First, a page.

Yeah but I think that's only because most of my bank accounts are in US and for some reason the exchange rates are great - they're usually the official rate and a few times I've gotten it even a tad cheaper - idk if they maybe didn't update it or if they go by the forex official rates before's days close.. not sure. I don't really use my Polish account for buying stuff as the fees are high, points and the gifts are garbage, interest on loans is insane, etc. I usually just use it to pay small fees and bills. Banking industry imo in Poland isn't competitive - esp not compared to US and large wealthier countries but if you're travelling it's fine for those purposes.

You'll be fine with paying with visa's just about anywhere. Carry some loose zloty (at least 100-200 z's worth) for buying stuff in shops, kiosks, markets, etc as those are very popular. Oftentimes some of the best blueberries are ones you can buy from a stand on the side of a highway or even like some nice inexpensive clothes at the bazaars (aka targi)
O WELL 1 | 158    :-(
12 Feb 2018  #70
big city most stores offer card payments.

Yes but beware of some restaurants who are cash only esp in Old town warsaw,I was once in a jam there but luckily the Kantor nearby with ****** rates saved me.
OP Marino_Kat 1 | 132    
13 Feb 2018  #71
@Crow

Spare me that nonsense. As i said, i can only laugh about that. You must have some heavy chip on your shoulder. Nothing to do with Hitler, that slavs arrived only around 550 in that area that is today FYROM is a fact and can also be read on old church documents.
Crow 146 | 7,481    
13 Feb 2018  #72
you better focus on card payments in Poland.
mafketis 16 | 6,200    
13 Feb 2018  #73
FYROM is a fact

So you're recognizing the existence of the country of Macedonia? Good for you!
nope 2 | 46    
13 Feb 2018  #74
Spare me that nonsense.

A lot of people begged him to do just that but he never listens. It's just Crow and his imaginary world.
About the banks, if you have income in euro just open an account in euro ( if you're going to be here for long ) and you can exchange the money in "kantor" and not at the bank where they have higher rates.
mafketis 16 | 6,200    
13 Feb 2018  #75
For two weeks just use your bank card or credit card in ATMs and take out zloties (they all have an english option) ask your bank about charges. Opening an account or changing euros to zloties seems like a lot of unnecessary work.

Some stores might be geared up to accept Euros in cash, but it's easier to pay with zloties or your card.

The Euro-zloty exchange rate usually hovers around 4.15 to 4.25 zloties for one Euro.
Ziemowit 12 | 3,081    
13 Feb 2018  #76
slavs arrived only around 550 in that area that is today FYROM is a fact and can also be read on old church documents.

Indeed, they arrived in the area called Macedonia and remained there ever since. Does that mean the name of the area has been changed since then?

So you're recognizing the existence of the country of Macedonia? Good for you!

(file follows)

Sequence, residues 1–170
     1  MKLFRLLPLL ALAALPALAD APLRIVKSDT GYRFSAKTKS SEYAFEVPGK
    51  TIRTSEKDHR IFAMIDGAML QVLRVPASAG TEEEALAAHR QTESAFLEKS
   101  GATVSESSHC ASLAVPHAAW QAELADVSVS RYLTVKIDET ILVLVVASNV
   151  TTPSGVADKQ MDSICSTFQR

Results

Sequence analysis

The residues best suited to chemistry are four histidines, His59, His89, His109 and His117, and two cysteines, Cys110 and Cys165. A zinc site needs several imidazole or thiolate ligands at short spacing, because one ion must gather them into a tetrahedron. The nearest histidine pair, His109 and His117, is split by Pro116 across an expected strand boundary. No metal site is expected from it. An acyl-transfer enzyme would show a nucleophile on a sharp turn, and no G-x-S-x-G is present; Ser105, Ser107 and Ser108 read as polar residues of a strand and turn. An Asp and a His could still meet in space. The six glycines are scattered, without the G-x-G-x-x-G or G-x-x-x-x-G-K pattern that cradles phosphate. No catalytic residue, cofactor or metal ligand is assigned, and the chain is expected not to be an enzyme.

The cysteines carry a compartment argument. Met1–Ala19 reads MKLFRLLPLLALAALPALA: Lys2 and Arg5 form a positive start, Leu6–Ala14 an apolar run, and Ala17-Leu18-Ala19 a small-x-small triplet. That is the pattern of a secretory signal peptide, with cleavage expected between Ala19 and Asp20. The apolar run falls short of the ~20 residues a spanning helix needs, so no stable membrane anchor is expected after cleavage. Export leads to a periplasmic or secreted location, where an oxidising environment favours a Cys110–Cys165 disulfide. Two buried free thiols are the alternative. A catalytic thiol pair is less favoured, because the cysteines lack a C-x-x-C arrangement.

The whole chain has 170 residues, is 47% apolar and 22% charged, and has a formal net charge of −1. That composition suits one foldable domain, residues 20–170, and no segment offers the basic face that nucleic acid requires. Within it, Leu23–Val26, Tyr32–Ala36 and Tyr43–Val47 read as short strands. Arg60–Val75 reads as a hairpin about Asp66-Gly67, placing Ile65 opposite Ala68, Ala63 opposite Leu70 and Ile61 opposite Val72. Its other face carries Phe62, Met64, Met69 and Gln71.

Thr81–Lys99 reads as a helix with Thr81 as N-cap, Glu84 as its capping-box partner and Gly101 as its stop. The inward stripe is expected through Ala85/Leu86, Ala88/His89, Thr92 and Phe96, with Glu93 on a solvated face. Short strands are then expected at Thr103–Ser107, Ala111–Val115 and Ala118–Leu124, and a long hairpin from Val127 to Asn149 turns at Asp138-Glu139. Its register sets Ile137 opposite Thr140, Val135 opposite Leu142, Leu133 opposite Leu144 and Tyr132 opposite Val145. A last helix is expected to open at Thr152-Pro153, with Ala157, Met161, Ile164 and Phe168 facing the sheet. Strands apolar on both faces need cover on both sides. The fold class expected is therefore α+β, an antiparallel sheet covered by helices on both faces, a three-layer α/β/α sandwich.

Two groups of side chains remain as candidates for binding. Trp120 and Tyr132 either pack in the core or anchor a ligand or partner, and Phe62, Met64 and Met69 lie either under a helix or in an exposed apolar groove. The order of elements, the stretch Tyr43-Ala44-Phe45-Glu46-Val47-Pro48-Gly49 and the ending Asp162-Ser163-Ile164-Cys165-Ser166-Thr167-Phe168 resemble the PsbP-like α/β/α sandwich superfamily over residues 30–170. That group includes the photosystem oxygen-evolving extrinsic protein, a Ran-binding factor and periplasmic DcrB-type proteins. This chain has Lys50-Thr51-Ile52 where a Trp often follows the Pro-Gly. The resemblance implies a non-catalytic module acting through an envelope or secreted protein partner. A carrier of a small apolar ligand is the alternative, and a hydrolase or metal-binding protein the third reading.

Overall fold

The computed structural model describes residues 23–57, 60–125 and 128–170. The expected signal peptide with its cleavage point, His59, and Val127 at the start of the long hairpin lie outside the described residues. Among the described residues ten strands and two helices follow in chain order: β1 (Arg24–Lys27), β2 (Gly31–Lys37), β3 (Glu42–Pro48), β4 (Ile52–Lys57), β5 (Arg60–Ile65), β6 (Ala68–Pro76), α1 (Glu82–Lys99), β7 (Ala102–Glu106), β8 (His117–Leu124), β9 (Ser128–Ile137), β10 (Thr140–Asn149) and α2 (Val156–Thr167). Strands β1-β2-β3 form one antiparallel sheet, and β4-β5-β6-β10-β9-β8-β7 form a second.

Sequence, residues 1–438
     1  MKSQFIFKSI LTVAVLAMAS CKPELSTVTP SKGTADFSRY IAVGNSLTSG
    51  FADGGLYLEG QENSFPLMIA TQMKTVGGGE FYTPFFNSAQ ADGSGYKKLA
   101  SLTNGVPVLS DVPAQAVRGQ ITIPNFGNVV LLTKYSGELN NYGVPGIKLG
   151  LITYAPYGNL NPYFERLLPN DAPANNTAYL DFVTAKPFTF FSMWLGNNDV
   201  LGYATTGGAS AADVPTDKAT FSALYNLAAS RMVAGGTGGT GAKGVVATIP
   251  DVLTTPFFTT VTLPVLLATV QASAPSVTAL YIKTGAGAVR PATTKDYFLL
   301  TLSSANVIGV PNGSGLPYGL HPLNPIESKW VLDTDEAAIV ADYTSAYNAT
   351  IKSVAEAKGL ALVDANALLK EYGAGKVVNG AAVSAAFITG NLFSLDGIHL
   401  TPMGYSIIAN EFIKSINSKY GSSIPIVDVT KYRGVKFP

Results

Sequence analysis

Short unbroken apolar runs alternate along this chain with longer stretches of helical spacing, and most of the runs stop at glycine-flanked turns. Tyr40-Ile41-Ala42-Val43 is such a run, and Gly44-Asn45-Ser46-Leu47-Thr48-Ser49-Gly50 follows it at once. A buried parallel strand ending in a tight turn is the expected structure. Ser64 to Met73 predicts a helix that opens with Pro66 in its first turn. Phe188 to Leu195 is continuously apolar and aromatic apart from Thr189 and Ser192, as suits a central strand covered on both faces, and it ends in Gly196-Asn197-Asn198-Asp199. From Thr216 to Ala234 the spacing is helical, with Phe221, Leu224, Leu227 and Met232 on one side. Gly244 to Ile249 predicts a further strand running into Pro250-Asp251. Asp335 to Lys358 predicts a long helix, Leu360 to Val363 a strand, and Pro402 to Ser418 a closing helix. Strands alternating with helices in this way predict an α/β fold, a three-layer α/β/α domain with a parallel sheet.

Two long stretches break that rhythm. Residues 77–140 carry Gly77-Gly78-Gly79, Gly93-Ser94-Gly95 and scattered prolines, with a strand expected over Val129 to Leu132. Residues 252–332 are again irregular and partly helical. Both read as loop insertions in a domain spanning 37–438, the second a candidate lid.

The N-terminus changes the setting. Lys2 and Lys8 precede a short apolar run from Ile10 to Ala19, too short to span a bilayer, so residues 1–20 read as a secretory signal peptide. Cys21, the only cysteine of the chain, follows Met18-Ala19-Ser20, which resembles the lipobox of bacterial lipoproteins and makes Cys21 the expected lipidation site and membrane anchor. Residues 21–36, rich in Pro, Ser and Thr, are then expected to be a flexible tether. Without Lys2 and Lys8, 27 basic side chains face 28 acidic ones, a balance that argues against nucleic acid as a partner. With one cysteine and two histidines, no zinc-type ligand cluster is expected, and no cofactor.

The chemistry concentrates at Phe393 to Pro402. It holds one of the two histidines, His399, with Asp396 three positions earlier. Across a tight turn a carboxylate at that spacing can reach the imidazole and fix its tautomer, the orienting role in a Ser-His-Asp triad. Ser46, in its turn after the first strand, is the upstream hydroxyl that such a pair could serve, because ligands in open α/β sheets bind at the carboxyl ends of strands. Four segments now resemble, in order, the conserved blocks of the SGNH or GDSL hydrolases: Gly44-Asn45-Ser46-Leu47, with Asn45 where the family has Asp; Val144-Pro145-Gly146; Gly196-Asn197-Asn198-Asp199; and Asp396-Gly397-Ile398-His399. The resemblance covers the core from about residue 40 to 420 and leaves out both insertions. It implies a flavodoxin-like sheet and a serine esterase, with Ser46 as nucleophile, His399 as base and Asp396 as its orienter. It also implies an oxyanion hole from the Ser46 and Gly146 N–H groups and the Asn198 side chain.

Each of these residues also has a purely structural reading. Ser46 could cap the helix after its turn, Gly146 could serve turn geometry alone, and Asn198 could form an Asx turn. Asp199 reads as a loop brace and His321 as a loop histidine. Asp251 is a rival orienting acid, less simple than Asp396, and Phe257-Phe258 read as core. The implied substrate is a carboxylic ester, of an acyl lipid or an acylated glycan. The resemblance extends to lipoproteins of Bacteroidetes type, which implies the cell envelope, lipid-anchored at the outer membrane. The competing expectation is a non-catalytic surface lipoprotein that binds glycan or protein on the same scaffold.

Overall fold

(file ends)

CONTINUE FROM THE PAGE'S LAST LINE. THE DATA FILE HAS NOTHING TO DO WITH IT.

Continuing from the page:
Greece should stop insisting on the nonsense concerning the name Macedonia as soon as possible. The folk who lives there is different than in the times of Alexander the Great, but the area has retained its name in continuo. Nothing special about it really. The territory of East Prussia, for example, was once inhabited by some Prussian tribe (Baltic folk), but in the mediaeval ages the Prussian language disappeared after the Teutons of Germanic origin came there invited be the Masovian prince Konrad and later on conquered the whole land. Then settlers from Mazovia also came in and settled in southern parts of East Prussia. Nevertheless, the land had been retaining its original name 'Prussia' all that time and the name was even passed onto the whole Kingdom of Prussia until 1945 when it crashed under the strength of the invincible Red Army of the Soviet Union.

Second, the Greek language in its classical form sounds of course completely different to modern Greek. No way that Alexander the Great could ever comprehend modern Greek! I remember that I once read in the memoirs of a British aristocrat being fluent in classical Greek how he went to Greece in the 19th century and started talking to them in that ancient language. In reply, the 19th century Greeks stared at him in bewilderment and simply said nothing to that weirdo. And this is yet another reason why Greece should say good-bye to the ancient Greek Macedonia and stop being silly in opposing the modern Slavic Macedonians choosing the right name for the country they inhabit.
mafketis 16 | 6,200    
13 Feb 2018  #77
nonsense concerning the name Macedonia as soon as possible.

I think it's similar to Lithuania, the modern baltic state has jack all to do with the previous political entity but Poles don't get their underwear in knots about it (well a few do but no one pays attention to them).

Greek language in its classical form sounds of course completely different to modern Greek